Drop spoonfuls of whipped cream over the caramel and arrange the remaining banana slices over the top. (To prevent from browning, previously you can dip the slices into 2 Tbsp lemon juice). Drizzle with melted chocolate.

Recipe from The Essential Dessert Cookbook, p.138

Sunday, July 19, 2009

Cocoa crepes

Yesterday I made some crepe mix and baked only part of it. I made the rest today and thought of giving it a new coat by adding 1 tbsp cocoa to the mix.

For the filling I used the usual farmers cheese, adding sugar, shredded coconut, some golden raisins, mini chocolate chips and mini marshmelows. Tasted great!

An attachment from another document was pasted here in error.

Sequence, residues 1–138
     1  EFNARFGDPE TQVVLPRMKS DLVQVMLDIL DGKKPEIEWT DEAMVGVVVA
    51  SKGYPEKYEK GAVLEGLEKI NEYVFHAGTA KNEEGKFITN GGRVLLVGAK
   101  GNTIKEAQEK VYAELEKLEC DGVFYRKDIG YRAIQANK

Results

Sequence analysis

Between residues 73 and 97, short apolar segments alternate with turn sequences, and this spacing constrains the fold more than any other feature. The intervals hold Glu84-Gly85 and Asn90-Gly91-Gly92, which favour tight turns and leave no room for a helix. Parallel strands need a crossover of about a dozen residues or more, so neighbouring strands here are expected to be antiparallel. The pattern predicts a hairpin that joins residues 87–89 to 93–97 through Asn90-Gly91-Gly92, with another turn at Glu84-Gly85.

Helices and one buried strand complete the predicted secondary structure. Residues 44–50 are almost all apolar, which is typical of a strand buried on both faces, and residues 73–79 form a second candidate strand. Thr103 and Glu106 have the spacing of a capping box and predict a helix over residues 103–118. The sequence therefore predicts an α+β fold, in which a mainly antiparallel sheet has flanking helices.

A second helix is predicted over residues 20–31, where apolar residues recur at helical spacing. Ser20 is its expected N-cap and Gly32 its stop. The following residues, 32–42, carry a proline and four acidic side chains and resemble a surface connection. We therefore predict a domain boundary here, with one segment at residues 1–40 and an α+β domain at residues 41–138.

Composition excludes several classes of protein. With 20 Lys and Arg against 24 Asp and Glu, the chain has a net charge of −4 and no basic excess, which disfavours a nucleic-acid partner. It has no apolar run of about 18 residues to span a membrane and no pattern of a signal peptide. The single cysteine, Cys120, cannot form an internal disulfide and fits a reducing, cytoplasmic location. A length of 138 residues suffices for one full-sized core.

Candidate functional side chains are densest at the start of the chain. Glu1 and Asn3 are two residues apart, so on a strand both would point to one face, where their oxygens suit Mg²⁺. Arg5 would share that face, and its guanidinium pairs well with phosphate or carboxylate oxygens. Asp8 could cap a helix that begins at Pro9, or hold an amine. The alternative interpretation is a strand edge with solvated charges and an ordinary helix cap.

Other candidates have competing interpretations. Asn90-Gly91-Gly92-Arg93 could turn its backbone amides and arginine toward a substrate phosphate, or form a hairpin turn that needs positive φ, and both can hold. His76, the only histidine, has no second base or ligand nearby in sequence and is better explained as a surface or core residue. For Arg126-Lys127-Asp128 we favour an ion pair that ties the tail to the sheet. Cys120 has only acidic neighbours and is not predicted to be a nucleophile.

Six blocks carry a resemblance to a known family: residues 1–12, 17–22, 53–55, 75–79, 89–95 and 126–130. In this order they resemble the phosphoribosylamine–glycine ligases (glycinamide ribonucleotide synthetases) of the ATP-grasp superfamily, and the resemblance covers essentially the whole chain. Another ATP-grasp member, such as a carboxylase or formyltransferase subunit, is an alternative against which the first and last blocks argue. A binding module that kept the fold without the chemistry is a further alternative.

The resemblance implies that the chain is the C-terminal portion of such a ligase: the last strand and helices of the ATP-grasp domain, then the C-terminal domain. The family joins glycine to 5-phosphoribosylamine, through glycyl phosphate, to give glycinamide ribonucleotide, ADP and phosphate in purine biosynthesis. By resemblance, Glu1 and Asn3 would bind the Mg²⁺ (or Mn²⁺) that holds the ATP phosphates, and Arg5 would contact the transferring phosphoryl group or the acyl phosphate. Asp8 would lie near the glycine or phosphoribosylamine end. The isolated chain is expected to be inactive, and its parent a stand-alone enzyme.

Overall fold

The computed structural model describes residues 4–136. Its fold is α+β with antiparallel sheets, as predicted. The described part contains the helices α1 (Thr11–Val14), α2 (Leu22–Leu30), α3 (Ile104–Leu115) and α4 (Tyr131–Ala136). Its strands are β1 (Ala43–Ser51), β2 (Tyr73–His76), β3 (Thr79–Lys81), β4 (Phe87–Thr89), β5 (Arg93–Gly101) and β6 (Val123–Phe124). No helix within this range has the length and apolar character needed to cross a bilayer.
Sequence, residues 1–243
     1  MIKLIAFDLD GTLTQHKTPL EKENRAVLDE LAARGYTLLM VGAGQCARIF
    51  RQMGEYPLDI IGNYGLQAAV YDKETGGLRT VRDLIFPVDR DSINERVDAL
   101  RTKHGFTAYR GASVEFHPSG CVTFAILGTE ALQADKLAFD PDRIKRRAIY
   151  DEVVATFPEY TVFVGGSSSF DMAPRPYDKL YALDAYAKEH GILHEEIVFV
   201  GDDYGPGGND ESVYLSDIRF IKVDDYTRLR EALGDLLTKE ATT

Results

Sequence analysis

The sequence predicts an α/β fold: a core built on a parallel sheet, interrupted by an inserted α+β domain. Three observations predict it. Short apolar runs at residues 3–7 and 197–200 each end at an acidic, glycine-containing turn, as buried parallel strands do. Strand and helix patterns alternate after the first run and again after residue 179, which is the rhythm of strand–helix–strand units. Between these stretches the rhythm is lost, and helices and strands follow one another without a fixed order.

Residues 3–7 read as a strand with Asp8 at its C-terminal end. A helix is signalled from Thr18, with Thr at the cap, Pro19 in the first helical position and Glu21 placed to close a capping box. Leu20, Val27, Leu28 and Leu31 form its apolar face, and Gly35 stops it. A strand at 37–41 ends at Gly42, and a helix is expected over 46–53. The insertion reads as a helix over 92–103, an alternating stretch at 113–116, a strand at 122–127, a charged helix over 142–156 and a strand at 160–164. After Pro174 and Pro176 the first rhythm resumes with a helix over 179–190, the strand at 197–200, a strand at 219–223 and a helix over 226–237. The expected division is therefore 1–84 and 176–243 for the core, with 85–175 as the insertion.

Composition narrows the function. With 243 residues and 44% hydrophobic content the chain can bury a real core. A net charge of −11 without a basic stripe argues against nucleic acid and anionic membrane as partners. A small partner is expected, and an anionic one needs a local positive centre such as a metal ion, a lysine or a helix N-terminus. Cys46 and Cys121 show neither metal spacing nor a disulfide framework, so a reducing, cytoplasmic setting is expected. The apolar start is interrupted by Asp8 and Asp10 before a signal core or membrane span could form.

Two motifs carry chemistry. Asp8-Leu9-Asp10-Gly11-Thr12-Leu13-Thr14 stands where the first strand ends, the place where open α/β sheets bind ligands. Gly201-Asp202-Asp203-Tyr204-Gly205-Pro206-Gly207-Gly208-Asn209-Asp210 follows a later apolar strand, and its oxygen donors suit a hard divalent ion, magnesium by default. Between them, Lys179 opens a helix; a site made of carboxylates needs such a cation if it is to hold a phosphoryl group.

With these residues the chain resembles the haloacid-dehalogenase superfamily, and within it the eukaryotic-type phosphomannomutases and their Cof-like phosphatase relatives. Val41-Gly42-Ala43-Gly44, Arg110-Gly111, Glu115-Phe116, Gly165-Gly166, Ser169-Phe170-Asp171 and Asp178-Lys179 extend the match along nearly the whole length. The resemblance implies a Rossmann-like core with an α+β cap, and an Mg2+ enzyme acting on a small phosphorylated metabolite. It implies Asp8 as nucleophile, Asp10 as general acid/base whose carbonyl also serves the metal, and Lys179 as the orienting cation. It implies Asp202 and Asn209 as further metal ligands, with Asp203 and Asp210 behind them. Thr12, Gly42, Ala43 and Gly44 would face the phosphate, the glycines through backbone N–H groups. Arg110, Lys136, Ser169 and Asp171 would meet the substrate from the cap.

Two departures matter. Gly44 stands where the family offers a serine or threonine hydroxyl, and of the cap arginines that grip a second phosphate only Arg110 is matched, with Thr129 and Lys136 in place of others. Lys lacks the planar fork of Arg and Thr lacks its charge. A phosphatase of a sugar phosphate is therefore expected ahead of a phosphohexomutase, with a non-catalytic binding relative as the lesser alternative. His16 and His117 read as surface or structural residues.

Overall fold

Blackberry cobbler

For this cobbler I used some leftover fruit: 1 peach, 1/2 box blueberries, 2 boxes blackberries.

I found THIS recipe some time ago and I was craving for it since the first moment I saw it. I'm so glad I tried the recipe, because it tasted heavenly!

Definitely will do it again, sooooon!!!!

Adding sugar, lemon juice and zest to the fruit...
Laying the cobbles until the fruit is covered, sprinkled with sugar...

Fresh from the oven...

Served strictly with vanilla ice cream... Heavenly!!!